How BMW Could Destroy Tesla at the EV Game
The BMW Isetta was the rolling embodiment of total oddball eccentricity. Despite its death over half a century ago, it lives on as a spectacle at BMW-oriented car shows and in the annals of automotive history as one of the most weirdly endearing vehicles ever to hit the road.
I'm saying it now: BMW, you need to revive the Isetta. It would be cool as hell if it made a comeback, sure, but more importantly, it actually makes sense. A modern spin on this lovable little misfit and you have the potential to totally crush Tesla at the electric-vehicle game. Impossible, you say? Hear me out.
The Isetta is one of the first generation of economy cars
OK, true, the Isetta wasn't exactly an engineering marvel. It was a quirky-as-hell Italian car until BMW bought the rights and shoved a motorcycle engine in back. Designed with the frugal urbanite in mind, its raison d'etre laid in the promise of economy. It delivered, topping 75mpg over 60 years ago, and it even made for one heck of a strange race car.
People dig an efficient car with panache
It's no fluke that over 400,000 people put deposits down on a Tesla Model 3 despite there being nothing truly revolutionary about its engineering. Rather, they've bought into the idea of an efficient car that doesn't break every mirror it passes.
The Isetta differentiates itself from most other cars saddled with the "economy" tag because it doesn't suffer from an economy of personality. I mean, look at it! It could have been forgiven -- and forgotten -- were it just a flavorless thing from the moment you opened the door. But instead, that door is on the front of the car, opening a gateway to a world where fiscal and ecological responsibility doesn't have to be ugly or boring.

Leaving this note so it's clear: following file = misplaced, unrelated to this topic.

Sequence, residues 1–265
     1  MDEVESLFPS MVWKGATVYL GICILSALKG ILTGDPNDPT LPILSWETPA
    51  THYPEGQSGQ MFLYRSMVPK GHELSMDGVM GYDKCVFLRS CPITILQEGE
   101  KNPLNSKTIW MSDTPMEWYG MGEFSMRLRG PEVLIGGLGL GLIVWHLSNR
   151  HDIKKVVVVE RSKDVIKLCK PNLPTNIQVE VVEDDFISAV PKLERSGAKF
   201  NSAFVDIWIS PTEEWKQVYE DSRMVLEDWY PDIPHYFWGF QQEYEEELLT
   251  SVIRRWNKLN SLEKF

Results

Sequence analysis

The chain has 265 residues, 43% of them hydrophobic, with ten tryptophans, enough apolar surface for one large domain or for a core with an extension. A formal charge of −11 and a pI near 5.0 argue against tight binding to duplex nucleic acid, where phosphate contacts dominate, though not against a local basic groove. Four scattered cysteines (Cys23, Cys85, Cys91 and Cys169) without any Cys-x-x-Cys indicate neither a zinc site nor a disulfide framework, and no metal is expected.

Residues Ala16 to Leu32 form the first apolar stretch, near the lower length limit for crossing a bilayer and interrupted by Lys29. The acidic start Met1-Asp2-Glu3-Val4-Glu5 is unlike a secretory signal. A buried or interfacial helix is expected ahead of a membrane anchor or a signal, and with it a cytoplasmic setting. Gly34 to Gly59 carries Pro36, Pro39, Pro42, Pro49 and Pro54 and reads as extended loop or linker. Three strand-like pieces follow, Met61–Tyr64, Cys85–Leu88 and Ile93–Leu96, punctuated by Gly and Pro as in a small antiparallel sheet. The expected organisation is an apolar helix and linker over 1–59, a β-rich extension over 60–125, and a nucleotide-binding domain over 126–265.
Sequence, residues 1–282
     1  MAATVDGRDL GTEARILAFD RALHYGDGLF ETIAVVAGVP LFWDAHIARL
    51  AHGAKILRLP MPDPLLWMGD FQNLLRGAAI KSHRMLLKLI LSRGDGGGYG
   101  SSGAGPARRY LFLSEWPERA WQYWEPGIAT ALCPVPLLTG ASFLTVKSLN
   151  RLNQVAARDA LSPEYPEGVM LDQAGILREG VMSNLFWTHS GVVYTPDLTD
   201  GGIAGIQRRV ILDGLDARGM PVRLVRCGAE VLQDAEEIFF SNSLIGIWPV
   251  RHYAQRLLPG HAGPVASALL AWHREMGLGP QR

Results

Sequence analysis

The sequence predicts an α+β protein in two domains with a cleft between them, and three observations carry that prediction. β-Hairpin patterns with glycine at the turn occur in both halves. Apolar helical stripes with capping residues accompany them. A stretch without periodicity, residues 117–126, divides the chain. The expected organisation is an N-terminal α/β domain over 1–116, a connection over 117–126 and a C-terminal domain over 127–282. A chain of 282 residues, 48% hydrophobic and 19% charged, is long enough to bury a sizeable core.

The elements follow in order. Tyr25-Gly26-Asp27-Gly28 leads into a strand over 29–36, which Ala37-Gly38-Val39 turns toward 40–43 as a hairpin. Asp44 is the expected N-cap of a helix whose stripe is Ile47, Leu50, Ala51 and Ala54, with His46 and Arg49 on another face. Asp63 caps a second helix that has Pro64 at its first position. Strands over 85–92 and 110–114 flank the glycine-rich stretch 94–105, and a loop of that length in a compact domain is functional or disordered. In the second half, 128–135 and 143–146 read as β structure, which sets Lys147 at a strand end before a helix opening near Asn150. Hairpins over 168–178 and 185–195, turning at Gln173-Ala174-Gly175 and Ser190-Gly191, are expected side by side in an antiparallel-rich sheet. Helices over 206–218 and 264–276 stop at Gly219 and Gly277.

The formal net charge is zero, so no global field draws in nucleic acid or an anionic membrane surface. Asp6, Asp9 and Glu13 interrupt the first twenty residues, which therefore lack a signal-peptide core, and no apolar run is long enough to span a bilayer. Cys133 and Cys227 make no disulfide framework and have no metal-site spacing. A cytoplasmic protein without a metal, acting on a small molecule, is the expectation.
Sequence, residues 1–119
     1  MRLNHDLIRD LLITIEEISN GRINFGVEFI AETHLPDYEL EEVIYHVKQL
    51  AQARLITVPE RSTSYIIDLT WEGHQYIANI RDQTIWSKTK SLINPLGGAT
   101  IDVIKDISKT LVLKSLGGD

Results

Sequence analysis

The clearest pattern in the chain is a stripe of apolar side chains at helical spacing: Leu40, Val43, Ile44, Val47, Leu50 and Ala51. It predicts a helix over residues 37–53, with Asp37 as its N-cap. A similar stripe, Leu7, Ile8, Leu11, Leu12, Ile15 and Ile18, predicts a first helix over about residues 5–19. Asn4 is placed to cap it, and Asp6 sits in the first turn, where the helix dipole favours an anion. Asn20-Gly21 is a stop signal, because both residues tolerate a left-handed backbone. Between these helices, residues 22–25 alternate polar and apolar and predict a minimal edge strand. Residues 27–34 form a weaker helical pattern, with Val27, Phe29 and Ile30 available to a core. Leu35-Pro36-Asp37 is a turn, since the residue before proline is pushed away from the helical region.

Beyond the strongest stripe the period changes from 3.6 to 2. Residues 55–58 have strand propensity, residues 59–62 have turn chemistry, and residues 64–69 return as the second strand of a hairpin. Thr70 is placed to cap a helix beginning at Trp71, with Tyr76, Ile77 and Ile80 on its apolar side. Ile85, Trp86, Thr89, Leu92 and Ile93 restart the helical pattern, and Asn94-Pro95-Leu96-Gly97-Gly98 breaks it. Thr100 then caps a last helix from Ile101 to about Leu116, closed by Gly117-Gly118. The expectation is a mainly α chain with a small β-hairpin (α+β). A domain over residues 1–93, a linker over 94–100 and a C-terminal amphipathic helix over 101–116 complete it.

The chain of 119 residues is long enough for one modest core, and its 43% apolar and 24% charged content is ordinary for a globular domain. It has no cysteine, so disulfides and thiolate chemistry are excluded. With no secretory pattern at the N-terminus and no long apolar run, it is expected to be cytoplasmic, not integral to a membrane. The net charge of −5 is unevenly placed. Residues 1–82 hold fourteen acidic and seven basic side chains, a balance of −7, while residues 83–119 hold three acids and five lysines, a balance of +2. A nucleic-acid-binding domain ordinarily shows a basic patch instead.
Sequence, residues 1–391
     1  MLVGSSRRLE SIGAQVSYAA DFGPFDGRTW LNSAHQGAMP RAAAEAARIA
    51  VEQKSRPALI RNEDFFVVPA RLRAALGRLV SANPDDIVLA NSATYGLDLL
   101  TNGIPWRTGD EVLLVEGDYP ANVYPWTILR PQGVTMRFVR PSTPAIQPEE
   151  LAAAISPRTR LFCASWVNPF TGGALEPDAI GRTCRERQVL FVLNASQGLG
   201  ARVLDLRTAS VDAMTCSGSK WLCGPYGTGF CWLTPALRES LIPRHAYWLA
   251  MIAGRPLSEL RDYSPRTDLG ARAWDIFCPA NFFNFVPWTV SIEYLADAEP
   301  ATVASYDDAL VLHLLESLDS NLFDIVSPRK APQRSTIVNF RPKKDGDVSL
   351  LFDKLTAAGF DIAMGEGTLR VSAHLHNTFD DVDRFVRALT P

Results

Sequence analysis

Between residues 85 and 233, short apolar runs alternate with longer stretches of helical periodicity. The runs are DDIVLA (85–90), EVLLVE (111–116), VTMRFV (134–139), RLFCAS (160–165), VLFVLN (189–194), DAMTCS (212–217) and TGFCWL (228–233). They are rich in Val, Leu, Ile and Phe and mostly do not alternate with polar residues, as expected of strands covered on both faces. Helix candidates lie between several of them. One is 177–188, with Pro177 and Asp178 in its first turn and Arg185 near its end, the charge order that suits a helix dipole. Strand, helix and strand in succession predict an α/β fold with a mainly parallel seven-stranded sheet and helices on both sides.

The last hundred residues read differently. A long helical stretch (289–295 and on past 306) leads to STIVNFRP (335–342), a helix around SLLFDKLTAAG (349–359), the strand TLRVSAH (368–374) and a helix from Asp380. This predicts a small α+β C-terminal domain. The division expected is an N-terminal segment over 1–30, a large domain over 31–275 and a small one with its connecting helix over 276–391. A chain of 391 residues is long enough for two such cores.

BMW makes MINI, so it gets quirky. Rival Mercedes-Benz's corporate sibling, Smart, has been making life-sized Micro Machines for years. The Isetta makes sense here.
BMW already produces an uber-efficient drivetrain
The i3 is, by our calculations, the most environmentally efficient car on the road today (for reference, Tesla isn't even in the top 10). That's a hell of a feat, but more relevantly, that means the hardest work is already done: engineering the drivetrain. Fitting a modernized Isetta body around that drivetrain shouldn't be very difficult, by comparison. And look, I'm not saying the i3 is ugly -- far from it -- but it conveys an image of efficient ennui, rather than quirky environmentalism like a modernized Isetta would.
It's kind of perfect for the autonomous car revolution
Making a sports coupe that can drift itself in circles, or a luxury sedan that can park itself or handle stop-and-go traffic? Those are cool, but ultimately we all know they're merely appetizers. The coming autonomous revolution means traditional car shapes will be reimagined -- the Google car proves that much -- and what better way to leap into the future than a successful design from the past that absolutely embodies the ecological ethos.
It's also perfect for ride-sharing programs
With the Seattle launch and planned expansion of the ReachNow car-sharing service, BMW's corporate intent is clearly aimed at providing an affordable means of transportation to the city-dwelling masses. The program's history also has a few issues with parking, notably in San Francisco -- something a miniature car like the Isetta could alleviate.
Moreover, the concept of a tiny electric car that only fits one or two people -- potentially laden with autonomous tech -- is virtually tailor-made for the future of the taxi industry.
If BMW doesn't build a new Isetta, someone else will
The idea just makes too much sense to not come to fruition. So much so, that a tiny company based in Switzerland has already begun trying to do exactly this. Check out the video above. The re-envisioned Isetta you see here is called the Microlino. The clock is ticking, BMW, and you have a choice: bring back the Isetta as an electric car and kick some Tesla ass in style, or watch the Swiss do it.
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